Oil rally peters out, gold pares losses, bitcoin surges

Oil runs out of steam

Crude’s steady ride higher appears to be running out of gas.  Much of the rebound in oil prices has been vaccine optimism, bearish dollar bets that is boosting commodities across the board, and as the Saudis lead the charge to drain global oil stockpiles.  Risky assets, including crude prices, are also benefiting from expectations the Biden administration’s looming stimulus package announcement is just the beginning of fiscal support that he will deliver.

Oil was unfazed from the latest OPEC monthly report that saw no changes in both the 2021 world oil supply and demand forecasts.  World oil demand is forecasted to rise by 5.9 million bpd for a total of 95.9 million bpd.  If J&J’s COVID vaccine gets the nod and has a successful rollout, that will help the second half of the year outlook for crude demand.

The medium- and long-term fundamentals still look good for oil but if global COVID lockdowns continue to grow that should disrupt the rally in crude prices.  German Chancellor Merkel reportedly wants to intensify lockdowns nationwide and France is expected to extend the 6 pm curfew across all of France, a growing theme across Europe that could provide marginal pressure on oil.

 

Gold pares losses after surge in jobless claims

Gold prices pared losses after initial jobless claims surged to the highest levels since August.  Gold continued to claw back the rest of its losses after Fed Chair Powell affirmed the bank’s dovish stance.  Powell reiterated that the time to raise rates is “no time soon” and outlined a strong case that it will take a lot of time of higher prices to believe inflation is persistent.  The Fed put is not going away anytime soon and that should be very good news for gold traders.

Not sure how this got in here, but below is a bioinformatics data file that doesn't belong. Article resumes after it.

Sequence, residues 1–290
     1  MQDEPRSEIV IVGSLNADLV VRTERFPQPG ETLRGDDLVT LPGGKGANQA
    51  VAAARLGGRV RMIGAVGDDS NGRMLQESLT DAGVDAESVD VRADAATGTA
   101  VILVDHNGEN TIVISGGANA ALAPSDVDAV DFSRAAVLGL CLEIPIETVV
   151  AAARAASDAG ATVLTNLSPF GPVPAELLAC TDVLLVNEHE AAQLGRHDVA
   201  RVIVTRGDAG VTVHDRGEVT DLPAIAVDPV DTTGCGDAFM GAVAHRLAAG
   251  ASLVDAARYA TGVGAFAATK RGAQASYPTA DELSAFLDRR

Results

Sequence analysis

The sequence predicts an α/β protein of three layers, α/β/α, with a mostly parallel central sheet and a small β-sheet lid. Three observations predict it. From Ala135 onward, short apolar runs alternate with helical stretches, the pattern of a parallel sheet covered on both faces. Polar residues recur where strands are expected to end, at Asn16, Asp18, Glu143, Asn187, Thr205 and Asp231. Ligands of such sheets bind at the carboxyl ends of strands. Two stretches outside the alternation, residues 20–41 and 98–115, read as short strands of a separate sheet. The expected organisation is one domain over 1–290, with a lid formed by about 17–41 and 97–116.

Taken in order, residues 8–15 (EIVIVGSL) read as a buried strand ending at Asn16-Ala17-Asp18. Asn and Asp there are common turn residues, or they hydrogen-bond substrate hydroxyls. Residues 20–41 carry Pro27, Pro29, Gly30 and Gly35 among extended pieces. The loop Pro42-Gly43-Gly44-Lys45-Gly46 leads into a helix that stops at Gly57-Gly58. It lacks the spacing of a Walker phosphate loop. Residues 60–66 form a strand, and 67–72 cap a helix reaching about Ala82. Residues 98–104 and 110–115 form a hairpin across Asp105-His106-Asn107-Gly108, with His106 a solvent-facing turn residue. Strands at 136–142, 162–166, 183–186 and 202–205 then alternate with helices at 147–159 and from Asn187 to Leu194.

Permanent damage to the labor market will likely force regional Fed presidents to walk back their early comments on tapering bond purchases.  Business hiring will be sluggish until COVID is under control and that probably won’t happen for many months.

All the cool kids might be still going to bitcoin, but gold will remain a trusted option given the stimulus commitments by the Fed and Biden administration.  Regulatory risks are percolating for Bitcoin and gold’s underperformance should be short-lived as excessive crypto volatility will drive many investors to gold for their inflationary hedges.

Bitcoin shows gains

Bitcoin is rising today as Wall Street focuses on Biden’s new USD 2 trillion stimulus plan and as crypto-friendly Gary Gensler is expected to be named head of the SEC.  Stimulus targets could steadily increase on any setbacks with the coronavirus pandemic and that has been one of the fundamental reasons why many continue to pile into Bitcoin.

The ECB digital euro consultation also provided some skepticism for a euro coin as 41% wanted privacy protection, something ECB President Lagarde will surely advocate for due to her money laundering concerns over the crypto world.  Central banks are evaluating how to best approach their coin offerings and it seems they will struggle to compete with Bitcoin.

Bitcoin is back in bull-market territory.  Crypto volatility will not ease up anytime soon, so Bitcoin could easily jump back-and-forth from bull to bear markets.  The bitcoin consolidation in the USD30,000 to USD40,000 range could last a while longer, but if the liquidity crunch happens again, we could be talking about the USD50,000 level.

This article is for general information purposes only. It is not investment advice or a solution to buy or sell securities. Opinions are the authors; not necessarily that of OANDA Corporation or any of its affiliates, subsidiaries, officers or directors. Leveraged trading is high risk and not suitable for all. You could lose all of your deposited funds.

Ed Moya

Ed Moya

Senior Market Analyst - The Americas at OANDA
With more than 20 years’ trading experience, Ed Moya is a market analyst with OANDA, producing up-to-the-minute fundamental analysis of geopolitical events and monetary policies around the world. Over the course of his career, he has worked with some of the world’s leading forex brokerages and research departments including Global Forex Trading, FX Solutions and Trading Advantage. Most recently he worked with TradeTheNews.com, where he provided market analysis on economic data and corporate news. Based in New York, Ed is a regular guest on several major financial television networks including BNN, CNBC and Bloomberg, and is often quoted in leading publications including the Wall Street Journal and the Washington Post. He holds a BA in Economics from Rutgers University.
Ed Moya